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3 Minnesota Vikings Dennis Green and Co. are primed for their sixth playoff appearance in seven years, but only if a suspect secondary is up to the challenge

Aug. 17, 1998
Aug. 17, 1998

Table of Contents
Aug. 17, 1998

Baseball
NFL Preview 1998

3 Minnesota Vikings Dennis Green and Co. are primed for their sixth playoff appearance in seven years, but only if a suspect secondary is up to the challenge

Near dusk with church bells chiming on the last day of July,
players and coaches walked down the tree-lined streets of
Mankato, Minn., toward a cozy stadium packed with 8,000 fans. It
was the largest crowd ever to witness the Vikings' annual
intrasquad training-camp scrimmage, and among those in
attendance was new owner Red McCombs, who watched the team for
which he paid $206 million not from the press box or the stands,
but sitting atop a water cooler on the sideline. Just before the
local Burger King manager sang a Manilowesque national anthem,
the team was led onto the field by strong safety Robert Griffith.

This is an article from the Aug. 17, 1998 issue

That was appropriate, for if the Vikings have any expectations
of making a serious playoff run in '98, they must first improve
their pass defense. If you thought the organization's most
embarrassing acts since the start of last season were occurring
off the field--what with coach Dennis Green penning an
autobiography that included his plans to sue two owners to get a
piece of the team and author Tom Clancy's own fictional bid to
buy the franchise--well, you didn't pay much attention to what
the secondary was up to.

In 1997 the Vikings defense ranked 29th in the league in passing
yards allowed; 28th in touchdown passes allowed, opponents'
completion percentage and yards per pass attempt; tied for 25th
in interceptions; and 25th in stopping the opposition on third
down. "We know we were the weak unit on this team last year,"
says second-year backup free safety Torrian Gray. "The only way
for us to shed that label is to play out of it. We'll all just
have to have thick skin until we prove otherwise."

Things got worse shortly after the season ended with a loss to
the 49ers in the NFC divisional playoffs. Minnesota was
interested in acquiring one of a trio of cornerbacks--free
agents Doug Evans or Darryl Pounds, or the Saints' Eric Allen.
But Evans left the Packers for the Panthers, Pounds re-signed
with the Redskins, and Allen was shipped to the Raiders.
Finally, Minnesota traded a third-round draft pick in 1999 to
the Patriots to acquire restricted free agent Jimmy Hitchcock.

A 1995 third-round selection who started 20 games and had four
interceptions in three seasons with New England, Hitchcock
replaces Dewayne Washington, a free agent who left for the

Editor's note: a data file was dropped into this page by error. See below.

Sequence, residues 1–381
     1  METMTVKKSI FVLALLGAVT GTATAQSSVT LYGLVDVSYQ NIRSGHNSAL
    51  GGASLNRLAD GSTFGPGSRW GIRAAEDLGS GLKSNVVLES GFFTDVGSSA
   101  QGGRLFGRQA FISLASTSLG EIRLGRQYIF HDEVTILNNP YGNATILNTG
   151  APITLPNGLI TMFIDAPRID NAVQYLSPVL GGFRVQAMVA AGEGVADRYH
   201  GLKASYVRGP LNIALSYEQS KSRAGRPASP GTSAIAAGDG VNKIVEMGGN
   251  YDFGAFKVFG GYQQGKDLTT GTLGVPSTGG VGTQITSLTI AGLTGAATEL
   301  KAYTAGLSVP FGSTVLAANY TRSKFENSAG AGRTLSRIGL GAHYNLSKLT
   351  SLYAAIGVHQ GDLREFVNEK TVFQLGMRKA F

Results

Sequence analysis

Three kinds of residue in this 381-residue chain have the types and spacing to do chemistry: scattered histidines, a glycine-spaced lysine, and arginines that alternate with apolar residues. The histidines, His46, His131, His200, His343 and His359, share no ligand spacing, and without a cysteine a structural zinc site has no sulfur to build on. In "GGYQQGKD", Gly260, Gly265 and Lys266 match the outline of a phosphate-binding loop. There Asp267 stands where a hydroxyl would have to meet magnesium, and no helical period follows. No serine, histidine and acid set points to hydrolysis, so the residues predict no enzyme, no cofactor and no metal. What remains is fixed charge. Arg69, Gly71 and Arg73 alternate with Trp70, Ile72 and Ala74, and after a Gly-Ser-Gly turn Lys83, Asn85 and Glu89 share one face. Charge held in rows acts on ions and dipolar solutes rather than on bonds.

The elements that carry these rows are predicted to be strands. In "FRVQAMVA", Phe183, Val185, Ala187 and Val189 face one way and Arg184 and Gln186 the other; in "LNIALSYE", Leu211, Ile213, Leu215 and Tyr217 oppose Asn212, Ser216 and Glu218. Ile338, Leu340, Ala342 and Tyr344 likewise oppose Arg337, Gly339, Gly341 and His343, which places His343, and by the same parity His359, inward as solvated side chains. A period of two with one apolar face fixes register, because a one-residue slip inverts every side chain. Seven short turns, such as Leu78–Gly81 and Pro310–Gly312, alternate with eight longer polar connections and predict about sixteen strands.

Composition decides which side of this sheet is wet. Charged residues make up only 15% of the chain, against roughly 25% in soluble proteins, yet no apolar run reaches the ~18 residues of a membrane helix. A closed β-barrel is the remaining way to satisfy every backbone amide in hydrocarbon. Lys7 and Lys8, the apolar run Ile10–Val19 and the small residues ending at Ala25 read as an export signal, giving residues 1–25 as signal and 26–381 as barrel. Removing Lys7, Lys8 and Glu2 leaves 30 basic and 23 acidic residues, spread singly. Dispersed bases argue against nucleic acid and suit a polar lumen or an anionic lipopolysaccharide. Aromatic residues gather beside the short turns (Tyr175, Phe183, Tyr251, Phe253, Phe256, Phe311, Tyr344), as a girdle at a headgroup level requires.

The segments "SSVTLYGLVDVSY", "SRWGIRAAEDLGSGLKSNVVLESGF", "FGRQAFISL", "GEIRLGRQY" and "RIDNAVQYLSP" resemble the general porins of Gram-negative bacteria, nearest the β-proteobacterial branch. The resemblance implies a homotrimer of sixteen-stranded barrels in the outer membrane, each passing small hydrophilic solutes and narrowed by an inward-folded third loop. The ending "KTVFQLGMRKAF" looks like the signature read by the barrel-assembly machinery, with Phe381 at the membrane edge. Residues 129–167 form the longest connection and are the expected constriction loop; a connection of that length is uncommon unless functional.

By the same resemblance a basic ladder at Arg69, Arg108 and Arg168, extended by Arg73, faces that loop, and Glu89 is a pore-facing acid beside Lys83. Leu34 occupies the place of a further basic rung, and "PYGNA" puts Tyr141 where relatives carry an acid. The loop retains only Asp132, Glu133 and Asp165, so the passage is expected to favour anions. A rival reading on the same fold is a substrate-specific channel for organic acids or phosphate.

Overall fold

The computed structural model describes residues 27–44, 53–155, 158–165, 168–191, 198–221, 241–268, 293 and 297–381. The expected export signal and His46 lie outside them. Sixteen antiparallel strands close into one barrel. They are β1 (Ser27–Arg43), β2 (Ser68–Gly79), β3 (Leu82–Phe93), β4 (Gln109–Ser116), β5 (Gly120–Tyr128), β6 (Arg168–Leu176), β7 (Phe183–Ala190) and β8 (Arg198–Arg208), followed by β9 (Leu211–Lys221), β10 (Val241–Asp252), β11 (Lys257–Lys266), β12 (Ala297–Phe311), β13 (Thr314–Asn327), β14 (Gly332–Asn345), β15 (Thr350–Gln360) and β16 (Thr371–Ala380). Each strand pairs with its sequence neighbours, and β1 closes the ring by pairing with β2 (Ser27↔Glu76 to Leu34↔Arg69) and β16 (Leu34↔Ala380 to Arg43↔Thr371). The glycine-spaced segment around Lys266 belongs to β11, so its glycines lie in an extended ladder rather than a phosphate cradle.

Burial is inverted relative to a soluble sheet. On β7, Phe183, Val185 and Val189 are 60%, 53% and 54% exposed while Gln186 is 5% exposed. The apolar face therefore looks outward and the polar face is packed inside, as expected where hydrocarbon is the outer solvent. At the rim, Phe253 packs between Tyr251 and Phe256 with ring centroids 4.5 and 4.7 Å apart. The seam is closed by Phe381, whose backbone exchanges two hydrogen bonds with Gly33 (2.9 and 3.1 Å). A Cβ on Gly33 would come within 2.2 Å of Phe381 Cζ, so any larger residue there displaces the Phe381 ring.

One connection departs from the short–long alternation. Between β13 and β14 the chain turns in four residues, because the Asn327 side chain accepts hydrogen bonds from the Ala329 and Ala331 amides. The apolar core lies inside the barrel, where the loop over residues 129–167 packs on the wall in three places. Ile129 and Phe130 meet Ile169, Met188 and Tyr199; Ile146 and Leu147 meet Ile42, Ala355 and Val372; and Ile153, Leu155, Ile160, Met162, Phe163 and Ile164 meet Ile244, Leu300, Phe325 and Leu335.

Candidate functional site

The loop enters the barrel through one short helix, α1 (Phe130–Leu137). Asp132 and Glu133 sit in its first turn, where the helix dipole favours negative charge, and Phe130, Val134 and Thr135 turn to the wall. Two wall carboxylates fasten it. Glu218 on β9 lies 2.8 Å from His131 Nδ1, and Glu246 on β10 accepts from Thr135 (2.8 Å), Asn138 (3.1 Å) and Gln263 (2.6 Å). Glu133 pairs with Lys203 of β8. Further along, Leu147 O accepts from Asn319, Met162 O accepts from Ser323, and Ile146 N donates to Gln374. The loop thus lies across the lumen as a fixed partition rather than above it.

Steelers. Hitchcock may be short on experience, but he isn't
lacking in confidence. In that regard, he should fit in nicely
with the overly aggressive Corey Fuller, a world-class trash
talker but only an average coverage corner.

"I will be an upgrade to this unit," says Hitchcock, the only new
face among the Vikings' starting 22 from a year ago. "I'm a
developmental learner. That means with every year of experience I
get better and better. The problems with ownership here didn't
bother me. Who the owner is has no bearing on how I cover [the
Lions'] Herman Moore, right? I chose to come here because this
team has the talent to win it all."

Hitchcock does have a point there. Quarterback Brad Johnson put
up impressive numbers (3,036 yards passing, 20 touchdowns, a
60.8% completion rate) in '97 before being sidelined for the
final three games with a herniated disk in his neck. Now close
to 100%, Johnson has the luxury of an added receiving threat in
wideout Randy Moss, the rookie first-round draft pick out of
Marshall who will join what is arguably the best receiving
tandem in the game--Cris Carter and Jake Reed. The rest of the
time the ball should go to Robert Smith, who in '97 set
franchise single-season rushing records for yards (1,266),
100-yard games (six) and average yards per carry (5.5).

Smith is a former world-class sprinter, but Gray is no slouch in
the speed department either. He complements Griffith, who is
among the hardest hitters in the game and the quiet leader of
the secondary. Free safety Orlando Thomas appears fully healed
from a knee injury that slowed him throughout 1997, and for
depth the Vikings signed cornerback Larry Brown, the MVP of
Super Bowl XXX.

To improve the pass defense, coordinator Foge Fazio has worked
with players on their pursuit angles. For simplicity's sake, he